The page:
Baltimore Public Works Museum
Designed by architect Henry Brauns and Chief Engineer Calvin Hendricks, the Stationís grand exterior incorporates a mansard slate roof, classical pediment and ornamental copper turrets that convey the sense of civic pride the people of Baltimore associated with their new and innovative sewage system. Baltimoreís topography dictated the location essentially allowing gravity to transport the wastewater created in the downtown area directly to the Station. In addition, the Stationís close proximity to water and railway lines was a natural fit for the delivery of large amounts of coal. The coal would be moved by conveyor to the top of the building and stored in four bins. When used, the burned coal would generate the steam that powered the three Corliss pumps built by Bethlehem Steel to help transport the wastewater to its final destination for cleaning at the Back River Wastewater Treatment Plant approximately 6 miles to the east.
By the year 1959 modern technology provided for the changeover to the one diesel and five electric pumps that continue in operation today. On average the Station pumps approximately
In 1982, the surprisingly interesting Baltimore Public Works Museum opened its doors in the space vacated by the removal of the boilers, highlighting public works services through exhibits, photographs, media presentations and family programming.
The Eastern Avenue Pumping Station continues to provide essential service to the citizens of Baltimore 24 hours a day, 365 days a year.
Location. 39° 17.088′ N, 76° 36.198′ W. Marker is in Baltimore, Maryland. Marker is on Eastern Avenue. Click for map. Marker is at or near this postal address: 751 Eastern Avenue, Baltimore MD 21202, United States of America.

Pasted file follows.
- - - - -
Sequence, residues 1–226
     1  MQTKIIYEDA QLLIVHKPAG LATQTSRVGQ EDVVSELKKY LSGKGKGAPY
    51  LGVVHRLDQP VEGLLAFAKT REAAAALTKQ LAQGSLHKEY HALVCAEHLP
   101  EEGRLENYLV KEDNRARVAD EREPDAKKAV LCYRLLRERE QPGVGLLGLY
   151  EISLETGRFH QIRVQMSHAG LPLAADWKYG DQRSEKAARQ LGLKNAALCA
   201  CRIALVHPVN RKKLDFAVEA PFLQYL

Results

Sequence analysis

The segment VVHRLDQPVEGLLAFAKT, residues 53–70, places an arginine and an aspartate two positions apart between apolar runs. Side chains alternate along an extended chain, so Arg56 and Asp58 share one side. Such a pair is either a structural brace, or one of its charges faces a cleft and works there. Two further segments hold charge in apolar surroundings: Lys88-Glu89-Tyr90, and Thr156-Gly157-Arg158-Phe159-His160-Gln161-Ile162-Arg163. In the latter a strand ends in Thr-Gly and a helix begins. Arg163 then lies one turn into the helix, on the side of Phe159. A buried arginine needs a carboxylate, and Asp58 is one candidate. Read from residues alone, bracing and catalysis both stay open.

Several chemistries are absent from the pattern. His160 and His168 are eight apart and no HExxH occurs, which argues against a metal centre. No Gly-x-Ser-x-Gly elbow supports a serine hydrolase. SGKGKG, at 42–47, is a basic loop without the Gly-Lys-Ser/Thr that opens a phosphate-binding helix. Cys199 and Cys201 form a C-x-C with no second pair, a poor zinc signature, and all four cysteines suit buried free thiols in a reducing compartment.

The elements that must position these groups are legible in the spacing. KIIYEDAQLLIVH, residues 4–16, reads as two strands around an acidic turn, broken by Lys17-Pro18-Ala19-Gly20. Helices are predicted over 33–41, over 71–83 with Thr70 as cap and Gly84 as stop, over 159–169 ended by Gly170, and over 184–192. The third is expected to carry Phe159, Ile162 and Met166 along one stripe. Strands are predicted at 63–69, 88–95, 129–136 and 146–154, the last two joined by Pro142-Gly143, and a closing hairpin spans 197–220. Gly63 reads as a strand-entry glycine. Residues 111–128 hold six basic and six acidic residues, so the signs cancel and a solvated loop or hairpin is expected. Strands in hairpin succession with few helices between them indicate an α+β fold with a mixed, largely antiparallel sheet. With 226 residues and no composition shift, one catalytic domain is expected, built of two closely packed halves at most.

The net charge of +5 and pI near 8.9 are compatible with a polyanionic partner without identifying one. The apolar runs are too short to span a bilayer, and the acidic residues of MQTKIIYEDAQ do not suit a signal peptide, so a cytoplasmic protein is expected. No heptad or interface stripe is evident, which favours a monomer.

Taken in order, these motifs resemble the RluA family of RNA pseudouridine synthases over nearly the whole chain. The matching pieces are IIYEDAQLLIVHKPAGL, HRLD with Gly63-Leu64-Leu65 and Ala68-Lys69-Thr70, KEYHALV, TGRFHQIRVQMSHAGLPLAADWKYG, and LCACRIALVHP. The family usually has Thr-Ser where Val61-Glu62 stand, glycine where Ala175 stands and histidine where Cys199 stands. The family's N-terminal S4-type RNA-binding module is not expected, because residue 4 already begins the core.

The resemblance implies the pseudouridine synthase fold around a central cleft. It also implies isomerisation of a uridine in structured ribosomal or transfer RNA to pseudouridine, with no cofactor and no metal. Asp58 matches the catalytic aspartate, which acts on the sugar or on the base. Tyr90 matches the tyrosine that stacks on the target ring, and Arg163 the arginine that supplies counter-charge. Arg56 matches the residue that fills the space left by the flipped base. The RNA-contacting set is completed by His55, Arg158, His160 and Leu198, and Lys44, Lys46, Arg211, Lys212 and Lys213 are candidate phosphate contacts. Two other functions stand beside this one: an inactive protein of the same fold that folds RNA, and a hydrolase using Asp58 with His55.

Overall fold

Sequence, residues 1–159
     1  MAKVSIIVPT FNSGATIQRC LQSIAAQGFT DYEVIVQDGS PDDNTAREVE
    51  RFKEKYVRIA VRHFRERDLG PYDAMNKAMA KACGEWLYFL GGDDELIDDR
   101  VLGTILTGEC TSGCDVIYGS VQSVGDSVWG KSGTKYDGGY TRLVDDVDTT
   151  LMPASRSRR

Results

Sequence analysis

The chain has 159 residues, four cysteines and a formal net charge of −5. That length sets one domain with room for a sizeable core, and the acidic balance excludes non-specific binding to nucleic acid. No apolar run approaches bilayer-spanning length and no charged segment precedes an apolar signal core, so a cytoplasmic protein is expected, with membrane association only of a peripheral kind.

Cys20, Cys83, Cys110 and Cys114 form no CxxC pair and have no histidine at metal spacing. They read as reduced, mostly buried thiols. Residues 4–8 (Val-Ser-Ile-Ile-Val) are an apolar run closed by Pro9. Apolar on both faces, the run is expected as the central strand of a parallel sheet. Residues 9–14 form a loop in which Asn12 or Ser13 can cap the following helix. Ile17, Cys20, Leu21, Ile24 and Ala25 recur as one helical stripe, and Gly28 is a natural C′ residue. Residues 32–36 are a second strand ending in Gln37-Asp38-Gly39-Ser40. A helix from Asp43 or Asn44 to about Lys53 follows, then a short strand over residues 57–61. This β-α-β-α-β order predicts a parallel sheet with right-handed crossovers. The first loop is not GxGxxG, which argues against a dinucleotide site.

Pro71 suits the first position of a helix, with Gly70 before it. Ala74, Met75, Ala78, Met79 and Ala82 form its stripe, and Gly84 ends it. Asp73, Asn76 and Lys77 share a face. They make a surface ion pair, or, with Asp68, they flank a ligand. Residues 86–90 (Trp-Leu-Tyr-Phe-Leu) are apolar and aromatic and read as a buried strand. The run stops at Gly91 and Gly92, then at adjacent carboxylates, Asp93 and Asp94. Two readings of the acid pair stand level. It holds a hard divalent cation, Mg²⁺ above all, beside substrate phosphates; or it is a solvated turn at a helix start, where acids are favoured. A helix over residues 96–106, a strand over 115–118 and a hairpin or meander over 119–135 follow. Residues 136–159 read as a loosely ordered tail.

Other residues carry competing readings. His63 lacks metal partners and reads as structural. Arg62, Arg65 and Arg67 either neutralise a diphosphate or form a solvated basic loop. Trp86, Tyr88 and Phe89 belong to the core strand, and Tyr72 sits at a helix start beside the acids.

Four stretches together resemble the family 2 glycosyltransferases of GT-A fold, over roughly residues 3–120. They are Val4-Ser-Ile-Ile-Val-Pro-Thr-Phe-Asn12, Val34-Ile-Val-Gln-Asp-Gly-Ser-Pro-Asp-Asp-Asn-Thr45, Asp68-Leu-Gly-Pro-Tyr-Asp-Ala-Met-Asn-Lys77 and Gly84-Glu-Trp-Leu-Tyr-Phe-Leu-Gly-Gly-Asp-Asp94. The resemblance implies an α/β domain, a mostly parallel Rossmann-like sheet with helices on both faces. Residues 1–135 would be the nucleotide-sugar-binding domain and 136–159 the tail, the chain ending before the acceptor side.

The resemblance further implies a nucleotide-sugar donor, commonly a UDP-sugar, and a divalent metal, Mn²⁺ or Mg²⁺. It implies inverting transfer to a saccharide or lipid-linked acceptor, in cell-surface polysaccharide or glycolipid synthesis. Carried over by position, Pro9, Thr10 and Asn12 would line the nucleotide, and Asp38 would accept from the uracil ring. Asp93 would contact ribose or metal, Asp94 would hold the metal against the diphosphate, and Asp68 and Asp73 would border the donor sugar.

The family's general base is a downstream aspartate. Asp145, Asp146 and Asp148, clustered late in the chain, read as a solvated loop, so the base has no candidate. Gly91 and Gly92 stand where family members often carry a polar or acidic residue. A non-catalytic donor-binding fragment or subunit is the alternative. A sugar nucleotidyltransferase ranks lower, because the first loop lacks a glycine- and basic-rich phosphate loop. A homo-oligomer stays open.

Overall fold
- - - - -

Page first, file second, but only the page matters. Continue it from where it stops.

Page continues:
Other nearby markers. At least 8 other markers are within walking distance of this marker. Water Power: Baltimore's Economic Engine (about 300 feet away, measured in a direct line); Baltimore Riot Trail (about 300 feet away); a different marker also named Baltimore Riot Trail (about 400 feet away); President Street Station (about 400 feet away); Seven-Foot Knoll Lighthouse (about 700 feet away); Living Classrooms Foundation (about 700 feet away); The Coast Guard Cutter Taney (approx. 0.2 miles away); Crafting a Legacy (approx. 0.2 miles away). Click for a list of all markers in Baltimore.
More about this marker. The museum was closed in 2011
Categories. • Charity & Public Work •
Credits. This page originally submitted on , by Don Morfe of Baltimore, Md 21234. This page has been viewed 327 times since then and 64 times this year. Photos: 1, 2, 3, 4. submitted on , by Don Morfe of Baltimore, Md 21234. • Bill Pfingsten was the editor who published this page. This page was last revised on June 16, 2016.